March 9 2015 A colleague Kazeem Omidiji and I were the keynote presenters at the San Diego State University National Society of Black Engineers (NSBE) meeting. We had an informal presentation on preparation for the annual NSBE Convention in 2 weeks. Our main focus was “What to say at a career fair booth and your 30 second introduction”.
We opened the meeting with having 4 volunteers come into the center of the table arrangement and give us their 30 second introduction with the scene:
You are at the career fair in your business professional attire with your resume and I am a recruiter from your dream company.
Following this, I gave Kazeem my 30 second introduction, and he responded with his.
Then, we had the room give feedback on the good and bad things that they saw while I documented them on a PowerPoint for everyone to see. A shortened list is below:
- Start with your name, school, major, graduation date
- Research the company and ask the recruiter about it
- Tell them about your work and extra-curricular leadership experience
- Forgetting to offer your resume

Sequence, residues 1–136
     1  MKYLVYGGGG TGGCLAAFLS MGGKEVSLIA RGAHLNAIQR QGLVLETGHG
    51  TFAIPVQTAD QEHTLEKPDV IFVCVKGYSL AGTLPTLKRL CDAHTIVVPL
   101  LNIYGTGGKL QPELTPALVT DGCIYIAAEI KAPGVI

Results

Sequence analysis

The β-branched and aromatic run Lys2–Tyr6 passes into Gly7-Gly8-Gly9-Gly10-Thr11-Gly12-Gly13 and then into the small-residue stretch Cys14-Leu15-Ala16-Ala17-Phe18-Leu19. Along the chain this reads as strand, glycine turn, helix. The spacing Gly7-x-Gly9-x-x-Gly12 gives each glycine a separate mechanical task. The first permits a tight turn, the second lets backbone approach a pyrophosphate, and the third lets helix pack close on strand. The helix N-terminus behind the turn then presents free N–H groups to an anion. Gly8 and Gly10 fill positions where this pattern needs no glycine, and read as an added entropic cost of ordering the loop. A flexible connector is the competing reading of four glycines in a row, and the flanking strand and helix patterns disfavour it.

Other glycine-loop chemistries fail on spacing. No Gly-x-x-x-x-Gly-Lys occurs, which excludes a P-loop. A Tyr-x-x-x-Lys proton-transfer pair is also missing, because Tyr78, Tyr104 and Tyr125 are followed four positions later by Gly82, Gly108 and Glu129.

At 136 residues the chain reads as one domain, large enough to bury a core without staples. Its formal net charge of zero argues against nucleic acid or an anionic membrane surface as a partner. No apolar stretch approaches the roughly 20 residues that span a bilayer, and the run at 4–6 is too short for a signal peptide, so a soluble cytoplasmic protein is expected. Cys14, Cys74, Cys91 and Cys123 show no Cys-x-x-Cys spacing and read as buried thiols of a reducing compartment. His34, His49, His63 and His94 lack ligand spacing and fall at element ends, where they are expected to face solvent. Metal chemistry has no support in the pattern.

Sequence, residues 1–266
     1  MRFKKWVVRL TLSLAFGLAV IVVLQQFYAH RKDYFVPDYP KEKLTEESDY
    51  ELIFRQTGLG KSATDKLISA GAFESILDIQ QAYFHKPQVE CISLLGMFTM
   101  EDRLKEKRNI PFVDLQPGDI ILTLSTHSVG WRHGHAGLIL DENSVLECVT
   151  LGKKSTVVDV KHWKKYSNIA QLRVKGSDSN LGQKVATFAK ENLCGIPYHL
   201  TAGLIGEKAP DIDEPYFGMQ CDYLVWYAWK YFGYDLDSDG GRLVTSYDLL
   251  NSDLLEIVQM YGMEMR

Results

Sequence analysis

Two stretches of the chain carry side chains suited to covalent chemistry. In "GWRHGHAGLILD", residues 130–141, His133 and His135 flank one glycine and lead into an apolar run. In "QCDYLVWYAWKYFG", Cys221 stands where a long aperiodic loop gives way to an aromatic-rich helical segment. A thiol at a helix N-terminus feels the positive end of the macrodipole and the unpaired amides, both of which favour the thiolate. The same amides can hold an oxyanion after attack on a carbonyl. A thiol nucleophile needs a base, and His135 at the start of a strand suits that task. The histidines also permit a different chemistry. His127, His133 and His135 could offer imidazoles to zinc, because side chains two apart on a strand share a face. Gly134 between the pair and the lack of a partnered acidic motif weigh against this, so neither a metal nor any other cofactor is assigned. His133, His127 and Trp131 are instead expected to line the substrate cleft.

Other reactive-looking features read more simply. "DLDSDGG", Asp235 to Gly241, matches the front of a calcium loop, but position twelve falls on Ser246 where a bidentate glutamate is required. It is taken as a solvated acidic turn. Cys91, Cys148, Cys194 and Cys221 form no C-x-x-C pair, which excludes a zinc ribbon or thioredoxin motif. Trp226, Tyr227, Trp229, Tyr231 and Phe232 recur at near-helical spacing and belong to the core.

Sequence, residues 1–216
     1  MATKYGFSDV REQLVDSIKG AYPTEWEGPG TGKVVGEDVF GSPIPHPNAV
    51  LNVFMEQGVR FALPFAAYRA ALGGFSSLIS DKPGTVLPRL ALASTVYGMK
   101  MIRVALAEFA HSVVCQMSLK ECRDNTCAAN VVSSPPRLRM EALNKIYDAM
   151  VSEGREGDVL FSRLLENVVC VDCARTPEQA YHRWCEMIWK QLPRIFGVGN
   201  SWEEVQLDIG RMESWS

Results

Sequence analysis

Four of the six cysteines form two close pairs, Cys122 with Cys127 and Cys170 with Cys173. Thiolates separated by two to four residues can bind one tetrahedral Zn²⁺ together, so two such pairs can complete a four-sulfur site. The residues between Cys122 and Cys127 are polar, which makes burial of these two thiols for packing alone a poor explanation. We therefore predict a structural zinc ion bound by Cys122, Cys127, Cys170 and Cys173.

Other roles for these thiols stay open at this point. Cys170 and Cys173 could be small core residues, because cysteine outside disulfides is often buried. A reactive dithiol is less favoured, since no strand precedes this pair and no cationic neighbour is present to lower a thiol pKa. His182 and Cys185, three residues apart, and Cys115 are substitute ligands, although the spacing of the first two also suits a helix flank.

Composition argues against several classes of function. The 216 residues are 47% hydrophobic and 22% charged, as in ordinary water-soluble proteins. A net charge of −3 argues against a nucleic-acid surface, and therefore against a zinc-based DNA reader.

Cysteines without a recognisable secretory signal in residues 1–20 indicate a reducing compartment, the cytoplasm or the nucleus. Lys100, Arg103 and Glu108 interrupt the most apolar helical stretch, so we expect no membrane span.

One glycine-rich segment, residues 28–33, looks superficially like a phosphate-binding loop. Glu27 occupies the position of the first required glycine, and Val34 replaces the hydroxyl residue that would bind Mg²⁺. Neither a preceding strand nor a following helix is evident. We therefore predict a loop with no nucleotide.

- Being too informal
- Not asking for a business card or a follow-up contact
The remainder of the presentation was spent in a tag team approach touching on the vast settings where you can land an internship or full-time job. It may vary from sitting next to a recruiter on a bus, eating dinner at the next table, or meeting them at a hospitality suite. I told them to always be yourself, but remain professional because there is always a recruiter around.
With help from other professionals in the room, we were able to give a more realistic point of view on the hardships of career fairs. One mentioned that you may not always get an interview or offer at the career fair, but there is always an opportunity to follow up and possibly get in through the back door with LinkedIn, phone, and email.
We ended with reminding them that “You are your own best salesperson” and “Your company wants to find you as much as you want to find them”.